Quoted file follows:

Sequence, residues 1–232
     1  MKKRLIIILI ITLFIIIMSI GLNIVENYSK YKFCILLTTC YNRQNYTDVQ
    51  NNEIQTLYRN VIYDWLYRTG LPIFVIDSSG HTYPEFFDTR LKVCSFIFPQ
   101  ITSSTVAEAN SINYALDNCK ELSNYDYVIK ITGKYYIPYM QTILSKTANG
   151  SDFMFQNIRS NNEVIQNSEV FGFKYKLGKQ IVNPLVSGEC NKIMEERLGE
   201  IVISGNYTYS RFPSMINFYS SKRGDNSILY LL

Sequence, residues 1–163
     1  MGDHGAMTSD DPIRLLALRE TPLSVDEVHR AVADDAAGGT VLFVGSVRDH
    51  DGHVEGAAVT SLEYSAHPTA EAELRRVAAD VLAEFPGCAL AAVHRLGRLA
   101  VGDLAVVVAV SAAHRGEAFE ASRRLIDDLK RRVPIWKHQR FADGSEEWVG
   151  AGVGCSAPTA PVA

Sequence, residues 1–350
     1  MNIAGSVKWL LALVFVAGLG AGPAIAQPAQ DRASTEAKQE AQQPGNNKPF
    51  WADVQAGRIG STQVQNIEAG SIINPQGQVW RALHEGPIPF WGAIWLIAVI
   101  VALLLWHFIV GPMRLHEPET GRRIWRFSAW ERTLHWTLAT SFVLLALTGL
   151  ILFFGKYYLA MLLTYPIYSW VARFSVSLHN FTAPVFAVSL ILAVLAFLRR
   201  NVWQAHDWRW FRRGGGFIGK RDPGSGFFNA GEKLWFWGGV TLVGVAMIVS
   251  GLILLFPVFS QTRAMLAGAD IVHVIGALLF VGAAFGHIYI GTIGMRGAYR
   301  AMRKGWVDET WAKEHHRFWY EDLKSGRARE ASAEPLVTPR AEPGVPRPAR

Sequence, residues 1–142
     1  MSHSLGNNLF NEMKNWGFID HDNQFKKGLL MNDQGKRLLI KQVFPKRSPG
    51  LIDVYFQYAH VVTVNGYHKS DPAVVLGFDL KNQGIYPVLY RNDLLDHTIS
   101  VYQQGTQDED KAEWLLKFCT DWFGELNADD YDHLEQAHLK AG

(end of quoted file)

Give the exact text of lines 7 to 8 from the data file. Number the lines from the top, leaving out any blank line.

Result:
Sequence, residues 1–163
     1  MGDHGAMTSD DPIRLLALRE TPLSVDEVHR AVADDAAGGT VLFVGSVRDH